As for interpreters, they do involve some effort. But we reuse them because the interpreters are first-class parts of our environment, not closed boxes. Imagine packaging the syntax/semantics of expressions, binding, and comprehensions into separate reusable "language modules" in a language library. This doesn't exist yet, but it provides a good vision for how external languages could have powerful features as easily as embedded languages.

2. Integration with the host language is trivial.

This is a double-edged sword. In most of the recent work you mention, the current trend seems to be embedding DSLs in a way that supports multiple interpretations, optimization, and compilation. This tends to require more explicit representation of the DSL language (as an abstract AST, for example) so that it is amenable for analysis in addition to other forms of interpretation. When you do this, the boundary between the DSL and the host language becomes more difficult to cross. Allowing more of the host language to be reified into the DSL sublanguage is also an interesting research area. LINQ is a practical example of the benefits and pitfalls of this idea.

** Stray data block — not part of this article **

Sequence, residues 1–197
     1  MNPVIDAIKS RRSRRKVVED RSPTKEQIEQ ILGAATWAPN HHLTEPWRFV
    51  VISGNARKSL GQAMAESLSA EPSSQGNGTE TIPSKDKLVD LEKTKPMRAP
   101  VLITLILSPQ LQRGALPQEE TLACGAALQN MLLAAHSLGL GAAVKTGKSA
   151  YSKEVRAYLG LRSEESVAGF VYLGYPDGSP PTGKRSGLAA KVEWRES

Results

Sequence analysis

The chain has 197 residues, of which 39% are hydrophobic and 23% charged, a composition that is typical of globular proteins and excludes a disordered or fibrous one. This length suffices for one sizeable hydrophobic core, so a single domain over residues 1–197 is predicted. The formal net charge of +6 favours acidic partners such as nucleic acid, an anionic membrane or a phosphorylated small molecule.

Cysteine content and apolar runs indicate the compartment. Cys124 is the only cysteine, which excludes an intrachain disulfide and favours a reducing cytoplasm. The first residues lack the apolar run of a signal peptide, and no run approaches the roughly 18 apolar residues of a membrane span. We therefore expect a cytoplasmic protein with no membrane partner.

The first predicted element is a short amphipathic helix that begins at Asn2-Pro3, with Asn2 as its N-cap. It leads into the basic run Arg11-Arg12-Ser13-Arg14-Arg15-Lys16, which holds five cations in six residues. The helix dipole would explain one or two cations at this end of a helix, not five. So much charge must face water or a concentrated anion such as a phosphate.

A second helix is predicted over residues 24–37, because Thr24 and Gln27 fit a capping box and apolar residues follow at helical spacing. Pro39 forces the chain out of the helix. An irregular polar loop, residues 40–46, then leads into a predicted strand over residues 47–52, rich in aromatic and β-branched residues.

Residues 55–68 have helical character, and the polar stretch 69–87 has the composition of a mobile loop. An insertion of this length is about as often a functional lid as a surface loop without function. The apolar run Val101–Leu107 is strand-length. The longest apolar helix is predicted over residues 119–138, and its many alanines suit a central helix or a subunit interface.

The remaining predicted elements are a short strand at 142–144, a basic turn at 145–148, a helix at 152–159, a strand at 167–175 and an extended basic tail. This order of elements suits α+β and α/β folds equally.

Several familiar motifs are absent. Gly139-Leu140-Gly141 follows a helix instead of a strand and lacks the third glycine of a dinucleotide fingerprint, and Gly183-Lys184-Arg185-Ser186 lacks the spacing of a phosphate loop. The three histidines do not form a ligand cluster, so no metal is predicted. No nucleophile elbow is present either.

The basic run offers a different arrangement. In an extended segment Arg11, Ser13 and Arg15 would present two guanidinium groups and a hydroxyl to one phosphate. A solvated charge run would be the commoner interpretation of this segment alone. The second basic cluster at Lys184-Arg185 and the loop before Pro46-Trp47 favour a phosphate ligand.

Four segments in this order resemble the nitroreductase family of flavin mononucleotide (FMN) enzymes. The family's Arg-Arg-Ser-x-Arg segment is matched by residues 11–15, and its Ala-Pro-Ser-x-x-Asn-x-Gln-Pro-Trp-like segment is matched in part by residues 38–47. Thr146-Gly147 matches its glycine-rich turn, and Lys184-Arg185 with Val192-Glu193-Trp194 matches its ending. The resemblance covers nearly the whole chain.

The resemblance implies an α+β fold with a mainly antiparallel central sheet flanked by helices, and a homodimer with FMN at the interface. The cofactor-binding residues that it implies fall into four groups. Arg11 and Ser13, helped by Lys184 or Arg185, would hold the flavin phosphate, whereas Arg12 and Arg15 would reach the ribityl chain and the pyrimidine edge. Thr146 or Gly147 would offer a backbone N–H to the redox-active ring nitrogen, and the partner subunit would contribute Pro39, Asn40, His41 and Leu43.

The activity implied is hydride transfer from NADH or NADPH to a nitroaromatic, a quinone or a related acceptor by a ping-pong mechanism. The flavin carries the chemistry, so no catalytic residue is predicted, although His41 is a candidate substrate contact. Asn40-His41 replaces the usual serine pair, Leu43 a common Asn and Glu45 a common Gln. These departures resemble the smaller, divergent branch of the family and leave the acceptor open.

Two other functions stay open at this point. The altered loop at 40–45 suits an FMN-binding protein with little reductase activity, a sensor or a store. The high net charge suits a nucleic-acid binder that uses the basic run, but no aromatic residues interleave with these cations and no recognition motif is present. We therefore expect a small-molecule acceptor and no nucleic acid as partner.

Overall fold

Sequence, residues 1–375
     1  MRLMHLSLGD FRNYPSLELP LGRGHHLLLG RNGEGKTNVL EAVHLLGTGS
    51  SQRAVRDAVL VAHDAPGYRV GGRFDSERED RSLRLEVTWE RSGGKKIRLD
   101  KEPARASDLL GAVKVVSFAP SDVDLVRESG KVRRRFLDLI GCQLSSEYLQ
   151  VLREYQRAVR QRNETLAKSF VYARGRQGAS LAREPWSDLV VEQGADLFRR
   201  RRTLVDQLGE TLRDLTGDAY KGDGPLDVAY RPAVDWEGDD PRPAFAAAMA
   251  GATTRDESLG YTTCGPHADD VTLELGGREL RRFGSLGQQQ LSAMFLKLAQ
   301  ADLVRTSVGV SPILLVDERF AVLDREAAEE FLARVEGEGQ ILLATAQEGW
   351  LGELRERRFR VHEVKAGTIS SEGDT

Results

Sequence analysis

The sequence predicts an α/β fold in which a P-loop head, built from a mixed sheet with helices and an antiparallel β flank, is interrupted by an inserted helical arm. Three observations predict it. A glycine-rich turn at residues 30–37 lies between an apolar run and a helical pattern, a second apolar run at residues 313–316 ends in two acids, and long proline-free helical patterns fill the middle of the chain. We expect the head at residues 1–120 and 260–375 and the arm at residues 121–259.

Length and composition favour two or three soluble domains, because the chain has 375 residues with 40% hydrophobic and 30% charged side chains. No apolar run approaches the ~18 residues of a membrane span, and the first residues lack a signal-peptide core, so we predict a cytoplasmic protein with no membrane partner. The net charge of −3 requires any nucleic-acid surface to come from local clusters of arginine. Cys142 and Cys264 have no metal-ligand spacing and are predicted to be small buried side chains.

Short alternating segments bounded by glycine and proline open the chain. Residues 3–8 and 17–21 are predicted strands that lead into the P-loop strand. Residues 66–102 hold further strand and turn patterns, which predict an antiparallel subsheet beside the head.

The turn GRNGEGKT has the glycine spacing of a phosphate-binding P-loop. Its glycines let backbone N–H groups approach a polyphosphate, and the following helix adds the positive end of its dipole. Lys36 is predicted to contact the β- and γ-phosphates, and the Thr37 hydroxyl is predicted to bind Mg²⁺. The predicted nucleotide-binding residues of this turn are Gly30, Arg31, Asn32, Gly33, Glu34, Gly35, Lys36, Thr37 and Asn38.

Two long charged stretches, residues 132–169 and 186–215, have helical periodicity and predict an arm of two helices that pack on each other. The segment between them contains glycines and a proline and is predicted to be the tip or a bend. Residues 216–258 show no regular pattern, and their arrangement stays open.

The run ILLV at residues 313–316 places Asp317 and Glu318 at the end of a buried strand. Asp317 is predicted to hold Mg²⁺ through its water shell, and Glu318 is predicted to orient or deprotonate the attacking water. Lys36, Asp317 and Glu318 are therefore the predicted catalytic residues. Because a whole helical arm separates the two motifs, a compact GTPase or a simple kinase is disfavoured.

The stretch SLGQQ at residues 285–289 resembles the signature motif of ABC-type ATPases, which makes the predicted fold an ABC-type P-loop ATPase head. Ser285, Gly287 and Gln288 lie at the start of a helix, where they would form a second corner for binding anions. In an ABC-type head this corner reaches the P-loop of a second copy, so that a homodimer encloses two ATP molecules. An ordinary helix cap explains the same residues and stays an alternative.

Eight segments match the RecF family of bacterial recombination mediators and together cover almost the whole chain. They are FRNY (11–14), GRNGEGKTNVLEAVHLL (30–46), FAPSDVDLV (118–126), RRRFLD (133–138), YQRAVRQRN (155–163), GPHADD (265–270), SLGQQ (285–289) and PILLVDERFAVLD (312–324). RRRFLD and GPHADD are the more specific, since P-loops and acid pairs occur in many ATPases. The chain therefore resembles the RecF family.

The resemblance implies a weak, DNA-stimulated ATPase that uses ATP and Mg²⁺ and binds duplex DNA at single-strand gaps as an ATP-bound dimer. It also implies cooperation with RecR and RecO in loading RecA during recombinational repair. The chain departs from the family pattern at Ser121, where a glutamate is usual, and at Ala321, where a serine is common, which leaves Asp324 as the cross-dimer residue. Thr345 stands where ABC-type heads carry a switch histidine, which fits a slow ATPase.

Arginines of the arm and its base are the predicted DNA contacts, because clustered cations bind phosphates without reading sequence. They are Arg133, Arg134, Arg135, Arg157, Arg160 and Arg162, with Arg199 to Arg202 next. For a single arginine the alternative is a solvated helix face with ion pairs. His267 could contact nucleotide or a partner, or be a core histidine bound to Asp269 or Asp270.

Other issues, including error messages, good syntax, and debugging, and language-specific tools are not so good for embedded languages.

The tradeoffs are significant enough that there is lots of room for research on many fronts at once.

NOTE: My understanding is that OMeta is an embedded language for grammars, but that Nile is a regular external DSL that is compiled to a lower-level language. The compiler is written using OMeta as a transformation engine.

Quick historical meandering